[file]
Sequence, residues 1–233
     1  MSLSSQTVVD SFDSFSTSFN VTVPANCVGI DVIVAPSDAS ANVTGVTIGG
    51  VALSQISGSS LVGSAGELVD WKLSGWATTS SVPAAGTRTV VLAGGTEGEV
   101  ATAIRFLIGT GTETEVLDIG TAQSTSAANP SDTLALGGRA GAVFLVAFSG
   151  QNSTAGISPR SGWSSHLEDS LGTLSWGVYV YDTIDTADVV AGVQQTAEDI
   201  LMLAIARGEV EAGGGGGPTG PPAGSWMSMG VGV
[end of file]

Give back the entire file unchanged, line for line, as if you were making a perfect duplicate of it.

Sequence, residues 1–233
     1  MSLSSQTVVD SFDSFSTSFN VTVPANCVGI DVIVAPSDAS ANVTGVTIGG
    51  VALSQISGSS LVGSAGELVD WKLSGWATTS SVPAAGTRTV VLAGGTEGEV
   101  ATAIRFLIGT GTETEVLDIG TAQSTSAANP SDTLALGGRA GAVFLVAFSG
   151  QNSTAGISPR SGWSSHLEDS LGTLSWGVYV YDTIDTADVV AGVQQTAEDI
   201  LMLAIARGEV EAGGGGGPTG PPAGSWMSMG VGV